oppn parties Time To Turn Attention Towards The Economy

News Snippets

  • Rain deficit seen in India in january for the first time in 5 years
  • Heavy snowfall disrupts life in J&K, Himachal and Uttarakhand
  • Centre says Teesta Setalvad's politics is divisive and opposes her plea on conversion law
  • The ASI who shot and killed Odisha health minister Naba Kishor Das might have done so to extract revenge as the minister had rebuffed him
  • Law minister Kiren Rijiju says pleas against BBC documentary are a waste of court's precious time
  • Self-styled godman Asaram held guilty of rape and sodomy. he is already serving life term for another conviction in a rape case
  • Supreme Court to hear pleas against the ban on BBC documentary on Gujarat riots and Prime Minister Modi
  • Adani Enterprises FPO subscribed just 3% in 2 days
  • Hindenburg slams Adani response to its report, says nationalism cannot be an excuse for fraud
  • Gold hits new high in India: traded at Rs 57149 per 10 gms
  • Adani Group companies continue to bleed although Adani Enterprises reversed the trend to gain on Monday
  • Markets end positive after a highly volatile session on Monday: Sensex gains 169 points to 59500 and Nifty 44 points to 17648
  • Satellite images show significant increase in night lights in India with some states growing at 43% in 10 years and some even 400%. Economists consider this as indicator of growth
  • Bombay HC has ruled that there will be no parole for TADA victims in Maharashtra
  • Courts handed out the death sentence to 165 accused in 2022, the highest in 40 years
Investors lose Rs 5.6 lakh crore as Adani Group companies lose 29% market value in three days and the carnage is continuing
oppn parties
Time To Turn Attention Towards The Economy

By Sunil Garodia

About the Author

Sunil Garodia Editor-in-Chief of indiacommentary.com. Current Affairs analyst and political commentator.

There is growing feeling in the country that  Prime Minister Narendra Modi should now sit with ministers who have portfolios related to the economy - Nirmala Sitharaman (Finance), Nitin Gadkari (Roads & Highways and Micro, Small & Medium Enterprises) and Piyush Goyal (Commerce and Industry) - instead of giving all his time to Amit Shah (Home) and Ravi Shankar Prasad (Law & Justice). This feeling is the result of a continued downward spiral in the economy. The effects of the downturn are now becoming visible on the ground in various ways and are causing concern to the common man. Before now, the subject was being discussed in boardrooms and drawing rooms of the rich. But now, it is increasingly being heard across the country in bazaars, dhabas and chai shops too. If the government does not take major steps like urgent reforms in some sectors, investor confidence is going to be shattered and India will lose a good opportunity to get big global players to relocate their manufacturing facilities in the country from China which is bearing the brunt of rising wages and a trade war with the US that is bleeding its economy.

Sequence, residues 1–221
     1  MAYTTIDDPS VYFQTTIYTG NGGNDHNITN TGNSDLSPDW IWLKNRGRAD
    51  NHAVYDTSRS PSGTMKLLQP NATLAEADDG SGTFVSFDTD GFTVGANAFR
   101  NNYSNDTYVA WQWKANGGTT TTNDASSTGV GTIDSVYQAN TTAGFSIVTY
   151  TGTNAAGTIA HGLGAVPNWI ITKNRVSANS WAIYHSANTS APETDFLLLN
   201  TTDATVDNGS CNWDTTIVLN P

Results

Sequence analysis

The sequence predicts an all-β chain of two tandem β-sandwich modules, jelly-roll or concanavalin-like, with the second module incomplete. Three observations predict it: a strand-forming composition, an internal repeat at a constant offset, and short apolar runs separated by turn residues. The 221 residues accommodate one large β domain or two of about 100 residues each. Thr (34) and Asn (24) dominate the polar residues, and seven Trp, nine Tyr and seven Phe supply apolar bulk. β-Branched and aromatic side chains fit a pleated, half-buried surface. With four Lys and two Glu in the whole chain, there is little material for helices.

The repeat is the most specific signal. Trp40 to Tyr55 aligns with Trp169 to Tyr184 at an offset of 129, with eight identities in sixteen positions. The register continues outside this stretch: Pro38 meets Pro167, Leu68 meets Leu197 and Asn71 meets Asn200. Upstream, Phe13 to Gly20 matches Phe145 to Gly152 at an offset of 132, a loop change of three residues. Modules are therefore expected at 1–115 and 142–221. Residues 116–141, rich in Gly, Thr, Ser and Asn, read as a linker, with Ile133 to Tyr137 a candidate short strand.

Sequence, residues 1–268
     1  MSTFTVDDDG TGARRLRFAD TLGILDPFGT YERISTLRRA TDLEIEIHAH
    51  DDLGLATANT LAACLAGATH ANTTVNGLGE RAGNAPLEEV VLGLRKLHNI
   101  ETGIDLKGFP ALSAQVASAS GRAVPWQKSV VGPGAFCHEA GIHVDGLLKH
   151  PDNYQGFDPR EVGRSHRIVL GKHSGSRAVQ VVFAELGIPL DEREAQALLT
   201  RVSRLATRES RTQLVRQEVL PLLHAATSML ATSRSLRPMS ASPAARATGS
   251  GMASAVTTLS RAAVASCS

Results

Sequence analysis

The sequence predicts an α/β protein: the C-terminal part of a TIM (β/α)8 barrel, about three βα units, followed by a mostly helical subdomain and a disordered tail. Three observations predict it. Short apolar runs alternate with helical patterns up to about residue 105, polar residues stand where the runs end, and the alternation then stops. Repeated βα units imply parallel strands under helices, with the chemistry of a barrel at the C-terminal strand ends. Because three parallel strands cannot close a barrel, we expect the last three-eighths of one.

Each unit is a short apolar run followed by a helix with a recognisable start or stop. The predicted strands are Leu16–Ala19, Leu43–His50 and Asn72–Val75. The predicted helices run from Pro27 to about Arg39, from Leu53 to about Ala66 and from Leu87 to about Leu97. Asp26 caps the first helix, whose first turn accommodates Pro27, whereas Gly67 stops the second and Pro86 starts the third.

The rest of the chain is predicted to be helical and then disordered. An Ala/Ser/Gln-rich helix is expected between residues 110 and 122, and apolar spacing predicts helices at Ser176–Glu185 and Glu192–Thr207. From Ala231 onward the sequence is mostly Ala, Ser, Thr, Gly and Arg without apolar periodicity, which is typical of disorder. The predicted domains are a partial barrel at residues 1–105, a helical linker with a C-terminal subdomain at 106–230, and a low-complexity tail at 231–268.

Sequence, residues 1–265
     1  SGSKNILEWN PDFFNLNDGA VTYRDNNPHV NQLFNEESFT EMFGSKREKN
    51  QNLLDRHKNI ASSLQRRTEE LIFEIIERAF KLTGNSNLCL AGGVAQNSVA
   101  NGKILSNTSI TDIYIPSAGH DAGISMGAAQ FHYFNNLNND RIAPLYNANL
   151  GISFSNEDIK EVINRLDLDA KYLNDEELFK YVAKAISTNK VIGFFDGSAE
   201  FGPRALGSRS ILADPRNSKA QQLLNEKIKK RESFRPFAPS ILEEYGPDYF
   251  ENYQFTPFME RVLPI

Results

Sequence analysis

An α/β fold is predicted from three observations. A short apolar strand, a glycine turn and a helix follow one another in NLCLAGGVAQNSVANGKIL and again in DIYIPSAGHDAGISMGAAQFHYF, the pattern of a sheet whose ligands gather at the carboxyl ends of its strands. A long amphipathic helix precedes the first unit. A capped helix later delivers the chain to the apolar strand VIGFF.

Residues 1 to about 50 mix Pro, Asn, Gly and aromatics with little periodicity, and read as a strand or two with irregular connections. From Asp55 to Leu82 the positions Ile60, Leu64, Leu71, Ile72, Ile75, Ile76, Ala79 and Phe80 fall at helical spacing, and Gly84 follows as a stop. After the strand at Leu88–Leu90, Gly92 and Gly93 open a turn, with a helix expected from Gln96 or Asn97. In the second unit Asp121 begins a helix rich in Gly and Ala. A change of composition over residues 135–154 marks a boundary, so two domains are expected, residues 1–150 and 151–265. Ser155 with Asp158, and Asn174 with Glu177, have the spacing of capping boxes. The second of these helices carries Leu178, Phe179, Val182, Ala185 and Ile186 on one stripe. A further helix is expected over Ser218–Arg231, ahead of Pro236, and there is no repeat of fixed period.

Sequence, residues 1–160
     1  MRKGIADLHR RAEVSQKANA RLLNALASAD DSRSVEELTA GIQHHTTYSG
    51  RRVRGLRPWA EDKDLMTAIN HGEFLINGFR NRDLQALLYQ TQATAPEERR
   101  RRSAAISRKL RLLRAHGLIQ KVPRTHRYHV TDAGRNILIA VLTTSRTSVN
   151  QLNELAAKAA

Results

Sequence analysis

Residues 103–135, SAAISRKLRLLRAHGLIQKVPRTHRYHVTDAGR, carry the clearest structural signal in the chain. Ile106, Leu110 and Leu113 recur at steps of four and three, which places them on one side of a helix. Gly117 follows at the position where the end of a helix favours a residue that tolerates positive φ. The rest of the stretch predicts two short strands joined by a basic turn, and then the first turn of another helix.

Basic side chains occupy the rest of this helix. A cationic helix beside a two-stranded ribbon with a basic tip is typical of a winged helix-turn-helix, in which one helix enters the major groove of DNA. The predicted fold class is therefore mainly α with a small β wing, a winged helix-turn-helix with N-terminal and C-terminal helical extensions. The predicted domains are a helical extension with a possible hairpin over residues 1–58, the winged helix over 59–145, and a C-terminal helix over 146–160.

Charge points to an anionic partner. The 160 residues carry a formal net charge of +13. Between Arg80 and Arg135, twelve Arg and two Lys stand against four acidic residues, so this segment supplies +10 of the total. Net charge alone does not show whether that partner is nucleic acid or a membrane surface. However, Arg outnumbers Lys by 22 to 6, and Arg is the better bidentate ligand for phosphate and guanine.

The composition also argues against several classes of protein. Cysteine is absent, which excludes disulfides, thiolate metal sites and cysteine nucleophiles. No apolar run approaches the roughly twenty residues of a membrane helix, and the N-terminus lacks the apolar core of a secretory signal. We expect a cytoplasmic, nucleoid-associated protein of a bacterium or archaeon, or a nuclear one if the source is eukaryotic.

For three successive quarters now, the GDP growth rate has been revised downwards from initial estimates despite window dressing of data by the government. Net capital formation has gone down alarmingly. Tax collection is way off the mark. There are no jobs and for the existing ones, at least at the lower and middle levels, there is no increase in salaries. Automobile industry, the bellwether of economic activity, is passing through hard times with negative growth in sales. Dealerships are closing down and factories are not hiring casual labour. Farm distress is deepening especially as the monsoon is erratic. Food inflation, controlled till now, is likely to surge as vegetables and fruits are becoming way too costly. The government simply does not have the money even if it wants to invest in infrastructure projects (a sure-fire way of giving a push to the economy). Rate cuts by the RBI have ceased to work as private investors are postponing projects due to lack of demand for products and services. The financial services sector has not come out of the shock of the mess created by the NBFCs and experts warn of a financial contagion. Exports have also not picked up.

All this, coupled with the effects of the global economic downtrend on India, needs the immediate attention of the government. The situation is such that the government will have to find the money (other than using the surplus with the RBI, for that will be sorely needed if the global economic crisis worsens like in 2008) and make immediate investments in infrastructure projects. The budget had talked of investment of Rs 1.25 lakh crore but had appointed a committee to suggest the ways to raise the funds. That committee should be converted into a fast-track unit and asked to submit its report in 30 days, 15 if possible. The government must also take a decision of the overseas sovereign bonds issue. It has also got to think about how to make private and foreign investors start investing in projects. There is no time to lose. Each passing day without major decisions on the economy is like putting one more nail in its coffin.